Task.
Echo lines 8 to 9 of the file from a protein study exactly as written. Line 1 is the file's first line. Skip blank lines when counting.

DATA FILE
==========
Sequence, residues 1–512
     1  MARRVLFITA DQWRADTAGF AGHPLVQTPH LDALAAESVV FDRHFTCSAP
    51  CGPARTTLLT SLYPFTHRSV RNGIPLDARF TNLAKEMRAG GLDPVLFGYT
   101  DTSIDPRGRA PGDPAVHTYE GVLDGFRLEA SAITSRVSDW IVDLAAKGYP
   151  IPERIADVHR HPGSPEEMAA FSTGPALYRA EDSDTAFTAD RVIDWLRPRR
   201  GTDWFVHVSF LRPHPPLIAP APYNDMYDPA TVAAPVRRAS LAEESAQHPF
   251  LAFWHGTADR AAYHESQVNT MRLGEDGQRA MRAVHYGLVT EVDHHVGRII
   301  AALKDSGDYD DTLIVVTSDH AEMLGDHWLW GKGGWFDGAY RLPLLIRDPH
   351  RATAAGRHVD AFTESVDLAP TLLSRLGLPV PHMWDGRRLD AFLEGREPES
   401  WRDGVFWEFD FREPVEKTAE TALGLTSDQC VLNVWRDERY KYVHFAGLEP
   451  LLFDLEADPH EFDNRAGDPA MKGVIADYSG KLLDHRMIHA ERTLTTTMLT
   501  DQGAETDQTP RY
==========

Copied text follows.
   301  AALKDSGDYD DTLIVVTSDH AEMLGDHWLW GKGGWFDGAY RLPLLIRDPH
   351  RATAAGRHVD AFTESVDLAP TLLSRLGLPV PHMWDGRRLD AFLEGREPES